Gas and renewables are displacing coal in electricity generation

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The third quarter of 2015 saw energy generation output from Britain’s coal-fired power stations fall 54% from the same period in 2014 as a result of lower gas prices, plants converting to burning biomass and increased renewable generation.

Figures included in the GB Electricity Market Summary, from EnAppSys, showed that during July-September coal plants provided 12.6TWh of generation or 17.8% of Britain’s 32GW total average daily electricity output. This represented a 24% reduction from the previous quarter.

The period saw gas-fired (CCGT) plants generate the most power output (32%) of any fuel type, contributing 22.6TWh over the period; a daily output of 10.2GW. This represented a 15% increase on the previous quarter but remained 40% down from the CCGT generation peek in Q3 2009.

The period saw a 31% increase in renewables generation from the same period in 2014, with an average daily output of around 6.5GW, presenting 20% of total output.

This growth in renewable generation has in part been driven by large increases in solar capacity. Developers have accelerated the building of solar farms to meet subsidy scheme deadlines. Britain has also seen higher levels than expected wind generation over the normally calmer summer months. The grown has somewhat complicated the market resulting in increased levels of oversupply and uncertainty. However, the market is also showing sign of adapting to the resulting higher levels of renewable generation, particularly from solar PV during the day.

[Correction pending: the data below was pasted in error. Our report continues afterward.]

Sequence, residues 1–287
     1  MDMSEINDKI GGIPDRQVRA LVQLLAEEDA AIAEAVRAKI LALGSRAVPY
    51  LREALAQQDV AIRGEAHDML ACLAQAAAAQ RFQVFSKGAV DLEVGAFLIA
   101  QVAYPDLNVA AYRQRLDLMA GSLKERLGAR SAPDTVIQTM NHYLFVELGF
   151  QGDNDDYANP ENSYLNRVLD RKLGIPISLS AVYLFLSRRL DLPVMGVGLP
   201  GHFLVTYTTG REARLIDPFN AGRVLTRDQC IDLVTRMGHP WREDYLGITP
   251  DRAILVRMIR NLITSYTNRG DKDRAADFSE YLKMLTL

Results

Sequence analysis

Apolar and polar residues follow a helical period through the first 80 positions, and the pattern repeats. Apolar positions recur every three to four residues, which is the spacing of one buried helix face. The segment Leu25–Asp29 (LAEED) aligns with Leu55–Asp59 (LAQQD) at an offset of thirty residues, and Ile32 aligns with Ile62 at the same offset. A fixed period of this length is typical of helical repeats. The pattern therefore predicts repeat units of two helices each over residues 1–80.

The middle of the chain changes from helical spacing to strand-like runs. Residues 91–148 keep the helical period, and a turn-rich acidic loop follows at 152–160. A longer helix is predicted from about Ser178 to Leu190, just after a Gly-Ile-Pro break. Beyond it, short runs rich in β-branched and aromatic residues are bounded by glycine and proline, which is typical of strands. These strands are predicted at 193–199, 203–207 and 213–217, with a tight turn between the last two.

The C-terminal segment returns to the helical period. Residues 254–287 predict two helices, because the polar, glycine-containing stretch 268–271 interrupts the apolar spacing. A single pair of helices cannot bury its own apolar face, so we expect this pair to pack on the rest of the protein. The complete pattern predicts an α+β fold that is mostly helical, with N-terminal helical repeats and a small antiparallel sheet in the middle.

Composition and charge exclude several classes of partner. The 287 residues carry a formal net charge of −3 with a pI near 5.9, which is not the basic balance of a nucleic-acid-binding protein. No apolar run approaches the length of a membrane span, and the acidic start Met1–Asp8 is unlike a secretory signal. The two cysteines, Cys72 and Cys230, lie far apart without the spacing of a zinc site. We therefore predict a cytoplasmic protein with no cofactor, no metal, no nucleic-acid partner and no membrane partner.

Levels of electricity demand over the quarter fell by 1% to 28.8GW, from the same period in 2014. This follows an on-going year-by-year trend of falling electricity demand, due to reductions in electricity usage and the growth in embedded generation at high-demand sites.

Overall during Q3 2015 CCGT produced 31.8% of overall electricity generation, with nuclear plants providing 22%, coal plants 18% and interconnectors 8%. Renewables contributed 20.2%; of this figure, wind produced 41%, biomass 32%, solar PV 20% and 7% from hydro plants.

Paul Verrill, director of EnAppSys, said: “Renewables are increasingly offsetting the decline in coal-fired electricity generation, and are paying an increasing role in meeting Britain’s energy needs as their relative contribution increases.

“At the same time, levels of gas-fired generation have bounced back from previous levels, although output in the third quarter of 2015 is still 40% below the levels of power generated at CCGT plants in Q3 2009.

“Coal and gas-fired plant continue to provide the bulk of Britain’s electricity generation, totalling 50% of total electricity generation in Q3 2015. However, despite closures of coal fired plants, it is unlikely that gas-fired plants will return to the levels of generation seen in 2009.”

The EnAppSys Q3 2015 GB Electricity Summary is available at here.

Graph of GB generation by fuel type

For more information, help or advice please contact Andrew Davison on 0191 211 7950 or email [email protected].